The new book by Antonin Scalia and Bryan A. Garner is very sure of itself—in fact, far too much so.
Fair enough. But the absurdity doctrine, a la Blackstone, went far beyond the correction of mere scrivener’s errors. Blackstone made clear that in certain unusual situations that the legislature did not squarely consider when it crafted general language, judges could deviate from the literal meaning of legislative enactments in order to avoid absurdity:
Where some collateral matter arises out of the general words, and happens to be unreasonable; there the judges are in decency to conclude that this consequence was not foreseen by the parliament, and therefore they are at liberty to expound the statute by equity, and [as to this collateral matter] disregard it…. [T]he rule is, where words bear… a very absurd signification, if literally understood, we must a little deviate from the received sense of them…. [S]ince in laws all cases cannot be foreseen or expressed, it is necessary, that when the general decrees of the law come to be applied to particular cases, there should be somewhere a power vested of excepting those circumstances, which (had they been foreseen) the legislator himself would have excepted. [emphasis added]
In their discussion of the absurdity doctrine, Scalia and Garner quote only a short snippet from Blackstone. But as is obvious when we examine the entirety of Blackstone’s discussion, the absurdity doctrine goes beyond scrivener’s errors—what Scalia and Garner refer to as “obviously a technical or ministerial error.” Indeed, Blackstone himself offered up two vivid illustrations of the absurdity doctrine in action and both involved neither typos nor mere scrivener’s errors. First, Blackstone explained that a law punishing anyone who “drew blood in the streets” should obviously not apply to a doctor performing an emergency surgery upon a stricken pedestrian—a situation that the enacting legislature simply did not envision and that therefore required judges to do more than merely correct a “technical or ministerial error” of draftsmanship.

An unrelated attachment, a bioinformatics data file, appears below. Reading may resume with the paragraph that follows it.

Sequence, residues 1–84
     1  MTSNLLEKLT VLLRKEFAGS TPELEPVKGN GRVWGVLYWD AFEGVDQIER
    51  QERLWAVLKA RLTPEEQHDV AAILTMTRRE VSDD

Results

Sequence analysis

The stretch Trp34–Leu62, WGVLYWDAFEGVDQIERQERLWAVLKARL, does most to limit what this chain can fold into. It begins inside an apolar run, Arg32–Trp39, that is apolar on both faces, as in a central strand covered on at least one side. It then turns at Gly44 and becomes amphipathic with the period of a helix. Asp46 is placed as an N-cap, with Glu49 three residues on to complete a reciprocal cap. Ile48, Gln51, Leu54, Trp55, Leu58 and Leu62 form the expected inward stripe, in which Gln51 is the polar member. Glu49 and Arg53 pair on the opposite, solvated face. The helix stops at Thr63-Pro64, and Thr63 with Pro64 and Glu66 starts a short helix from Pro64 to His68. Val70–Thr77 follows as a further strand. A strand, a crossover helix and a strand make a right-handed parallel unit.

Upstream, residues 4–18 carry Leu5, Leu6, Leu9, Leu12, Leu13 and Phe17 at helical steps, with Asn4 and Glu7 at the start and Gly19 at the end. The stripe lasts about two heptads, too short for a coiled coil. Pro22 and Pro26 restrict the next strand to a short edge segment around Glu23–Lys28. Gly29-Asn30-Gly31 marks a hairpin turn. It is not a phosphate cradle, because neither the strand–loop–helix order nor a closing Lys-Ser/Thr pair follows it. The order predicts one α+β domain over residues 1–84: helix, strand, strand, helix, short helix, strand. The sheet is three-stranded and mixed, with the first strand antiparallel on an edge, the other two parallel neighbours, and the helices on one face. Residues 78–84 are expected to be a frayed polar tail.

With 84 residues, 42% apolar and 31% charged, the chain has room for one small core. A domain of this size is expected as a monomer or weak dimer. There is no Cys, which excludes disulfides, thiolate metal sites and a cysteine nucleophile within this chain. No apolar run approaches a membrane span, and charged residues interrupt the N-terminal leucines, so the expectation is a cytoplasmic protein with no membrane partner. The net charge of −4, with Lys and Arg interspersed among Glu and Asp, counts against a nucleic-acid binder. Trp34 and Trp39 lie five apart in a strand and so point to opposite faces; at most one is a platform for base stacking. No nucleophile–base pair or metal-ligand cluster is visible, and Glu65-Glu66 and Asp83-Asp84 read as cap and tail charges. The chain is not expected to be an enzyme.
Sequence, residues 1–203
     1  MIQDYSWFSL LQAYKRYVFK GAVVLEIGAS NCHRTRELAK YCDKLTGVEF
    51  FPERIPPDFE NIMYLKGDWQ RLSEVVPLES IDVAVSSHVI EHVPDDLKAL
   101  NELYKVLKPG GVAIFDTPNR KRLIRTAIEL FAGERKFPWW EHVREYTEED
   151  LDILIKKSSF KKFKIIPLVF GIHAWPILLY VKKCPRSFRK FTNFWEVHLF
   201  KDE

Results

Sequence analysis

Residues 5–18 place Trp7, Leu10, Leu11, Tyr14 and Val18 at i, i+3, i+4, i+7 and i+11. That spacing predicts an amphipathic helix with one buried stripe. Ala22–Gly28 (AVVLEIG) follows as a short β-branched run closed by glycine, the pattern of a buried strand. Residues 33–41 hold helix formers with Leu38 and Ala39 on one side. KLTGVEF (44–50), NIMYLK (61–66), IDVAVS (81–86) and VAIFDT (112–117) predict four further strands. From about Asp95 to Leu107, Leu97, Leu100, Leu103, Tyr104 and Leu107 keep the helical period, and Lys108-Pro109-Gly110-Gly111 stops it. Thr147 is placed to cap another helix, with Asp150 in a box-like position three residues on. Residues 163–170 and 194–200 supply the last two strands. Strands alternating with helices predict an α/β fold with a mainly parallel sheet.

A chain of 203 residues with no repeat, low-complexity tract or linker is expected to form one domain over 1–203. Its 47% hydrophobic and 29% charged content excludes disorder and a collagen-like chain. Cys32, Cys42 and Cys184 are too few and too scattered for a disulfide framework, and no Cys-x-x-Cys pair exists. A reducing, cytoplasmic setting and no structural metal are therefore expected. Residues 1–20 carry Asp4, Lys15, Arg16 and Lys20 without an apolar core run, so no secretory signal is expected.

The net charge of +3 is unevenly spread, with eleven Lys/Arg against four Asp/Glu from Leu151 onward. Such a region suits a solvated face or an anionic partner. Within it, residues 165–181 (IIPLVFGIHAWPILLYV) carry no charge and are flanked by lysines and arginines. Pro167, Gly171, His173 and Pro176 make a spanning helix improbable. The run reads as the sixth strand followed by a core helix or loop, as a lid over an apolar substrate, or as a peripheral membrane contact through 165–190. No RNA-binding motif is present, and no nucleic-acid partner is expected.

Blackstone’s second example is even more eye-opening, and is in fact stunningly apt in helping us to think about our own Constitution’s language concerning vice presidential impeachments: “[I]f an act of parliament gives a man power to try all causes [cases], that arise within his manor of Dale; yet, if a cause should arise in which he himself is party, the act is construed not to extend to that; because it is unreasonable that any man should determine his own quarrel.” [emphasis added]
The idea that no man should be a judge in his own case is tightly intertwined with the very idea of the rule of law, and surely this background precept should inform a proper reading of the constitutional clauses governing impeachment trials. Or at least that’s what Blackstone would say, as would the vast majority of the Founding Fathers, who considered Blackstone to be the gold standard on many legal issues.